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VFS Leasing Co. v. Silverado Stages Inc.

United States District Court, D. Arizona

August 15, 2019

VFS Leasing Company, et al., Plaintiffs,
v.
Silverado Stages Incorporated, et al., Defendants.

          ORDER

          DOUGLAS L. RAYES UNITED STATES DISTRICT JUDGE.

         Before the Court is Defendants James and Sharron Galusha's motion to dismiss Count IV of the first amended complaint for failure to state a claim pursuant to Federal Rules of Civil Procedure 9(b) and 12(b)(6).[1] (Doc. 32.) The motion is fully briefed.[2](Docs. 37, 43.) For the following reasons, the Galushas' motion is granted.

         I. Background

         Beginning in March 2013, Plaintiffs VFS Leasing Co. and Volvo Financial Services, a division of VFS U.S. LLC, extended credit to Michelangelo Leasing, Inc. (“Michelangelo”) for equipment under a series of financial agreements. (Doc. 11 ¶¶ 18-32.) In 2017, Silverado Stages, Inc. (“Silverado”) and the Galushas-Silverado's majority shareholders-informed Plaintiffs that they intended to assume Michelangelo's obligations and refinance the debt (“Michelangelo Debt”). (¶ 33.) At the same time, Silverado and the Galushas also sought to finance nineteen additional pieces of equipment from Plaintiffs (“Additional Credit, ” together with the Michelangelo Debt, the “Credit Request”). (Id.)

         For Plaintiffs to evaluate the Credit Request, Silverado and the Galushas were required to provide certain financial information, including a Personal Financial Statement (“PFS”). (¶ 34.) The Galushas December 31, 2016 PFS identified as assets their personal residence and three other real estate properties they owned as tenants in common. (¶¶ 35, 37.) The PFS also represented that they held assets in trust as “The Jim & Sharron Galusha Revocable Trust, ” but did not individually identify specific assets. (¶ 38.) The Galushas and the Bankruptcy Defendants executed continuing guaranties. (¶¶ 47-48.) Based in part on the Galushas representation of their personal assets in the PFS, Plaintiffs granted the Credit Request. (¶ 39.)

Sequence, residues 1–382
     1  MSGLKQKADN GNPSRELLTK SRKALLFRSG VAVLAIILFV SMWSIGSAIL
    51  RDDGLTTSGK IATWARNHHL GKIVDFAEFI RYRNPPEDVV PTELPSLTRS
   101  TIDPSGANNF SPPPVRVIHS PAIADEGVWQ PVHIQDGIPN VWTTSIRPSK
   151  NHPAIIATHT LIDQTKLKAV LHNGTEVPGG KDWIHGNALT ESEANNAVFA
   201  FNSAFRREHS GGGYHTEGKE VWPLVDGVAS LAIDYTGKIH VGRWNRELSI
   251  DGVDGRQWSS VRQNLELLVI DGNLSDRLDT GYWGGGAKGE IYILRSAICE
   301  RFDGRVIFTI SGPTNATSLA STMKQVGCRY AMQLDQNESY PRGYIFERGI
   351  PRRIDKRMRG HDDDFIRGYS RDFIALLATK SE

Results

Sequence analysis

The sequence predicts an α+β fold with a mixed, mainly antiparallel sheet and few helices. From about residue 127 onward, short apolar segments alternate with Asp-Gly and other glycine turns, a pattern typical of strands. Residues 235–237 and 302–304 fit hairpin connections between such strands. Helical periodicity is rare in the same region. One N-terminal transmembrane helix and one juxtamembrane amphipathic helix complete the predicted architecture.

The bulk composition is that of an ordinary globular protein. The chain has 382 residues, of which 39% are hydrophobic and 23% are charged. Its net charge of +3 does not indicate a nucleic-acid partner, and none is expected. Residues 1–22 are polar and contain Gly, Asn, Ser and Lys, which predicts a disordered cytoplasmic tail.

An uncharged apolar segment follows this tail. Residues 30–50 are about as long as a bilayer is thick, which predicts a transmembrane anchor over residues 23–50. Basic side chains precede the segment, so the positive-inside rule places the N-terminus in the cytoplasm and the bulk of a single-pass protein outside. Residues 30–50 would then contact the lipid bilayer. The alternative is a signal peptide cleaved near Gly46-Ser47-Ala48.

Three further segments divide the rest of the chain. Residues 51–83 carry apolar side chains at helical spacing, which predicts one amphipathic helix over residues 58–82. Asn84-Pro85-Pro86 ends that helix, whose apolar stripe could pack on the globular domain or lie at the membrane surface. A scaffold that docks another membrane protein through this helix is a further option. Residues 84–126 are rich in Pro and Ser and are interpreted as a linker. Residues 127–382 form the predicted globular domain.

On January 6, 2017, Silverado executed an assignment under which they agreed to be responsible for “all obligations and performance of Michelangelo Debt[.]” (¶ 40.) Beginning in June 2017, Silverado entered into a series of financial schedules under which Plaintiffs agreed to extend Additional Credit. (¶¶ 41-44.) In 2017 and 2018, the parties also entered into Modification Agreements to modify payments due on the Michelangelo Debt. (¶¶ 45-46.) Despite the parties' modification efforts, Silverado defaulted on the agreements. (¶ 55-58.)

         In September 2018, Plaintiffs filed this action against Silverado, the Galushas, and Bankruptcy Defendants for failure to remit payments to Plaintiffs. (¶ 55.) Plaintiffs allege breach of leases, loans, and continuing guaranties, in addition to common law fraud and replevin. (¶¶ 64-96.) The Galushas now move to dismiss Count IV (fraud) of Plaintiffs' complaint under Fed.R.Civ.P. 9(b) and 12(b)(6). (Doc. 32.)

         II. Legal Standards

         A. Fed.R.Civ.P. 12(b)(6)

         When analyzing a complaint for failure to state a claim to relief under Rule 12(b)(6), the well-pled factual allegations are taken as true and construed in the light most favorable to the nonmoving party. Cousins v. Lockyer, 568 F.3d 1063, 1067 (9th Cir. 2009). Legal conclusions couched as factual allegations are not entitled to the assumption of truth, Ashcroft v. Iqbal, 556 U.S. 662, 679 (2009), and therefore are insufficient to defeat a motion to dismiss for failure to state a claim, In re Cutera Sec. Litig., 610 F.3d 1103, 1108 (9th Cir. 2010). To avoid dismissal, the complaint must plead sufficient facts to state a claim to relief that is plausible on its face. Bell Atl. Corp. v. Twombly, 550 U.S. 544, 570 (2007). This plausibility standard “is not akin to a ‘probability requirement,' but it asks for more than a sheer possibility that a defendant has acted unlawfully.” Iqbal, 556 U.S. at 678 (quoting Twombly, 550 U.S. at 556).

         B. Fed.R.Civ.P. 9(b)

         Rule 9(b) requires allegations of fraud to be pled with particularity. “To comply with Rule 9(b), allegations of fraud must be specific enough to give defendants notice of the particular misconduct which is alleged to constitute the fraud charged so they can defend against the charge and not just deny that they have done anything wrong.” Bly-Magee v. Cal., 236 F.3d 1014, 1019 (9th Cir. 2001). The allegations must include “the who, what, when, where, and how” of the misconduct charged and “must set forth more than the neutral facts necessary to identify the transaction. The plaintiff must set forth what is false or misleading about a statement, and why it is false.” Vess v. Ciba-Geigy Corp. USA, 317 F.3d 1097, 1106 (9th Cir. 2003).

         III. Discussion

         The Galushas argue that Plaintiffs' fraud claim should be dismissed because it is barred by the economic loss rule and because Plaintiffs have ...


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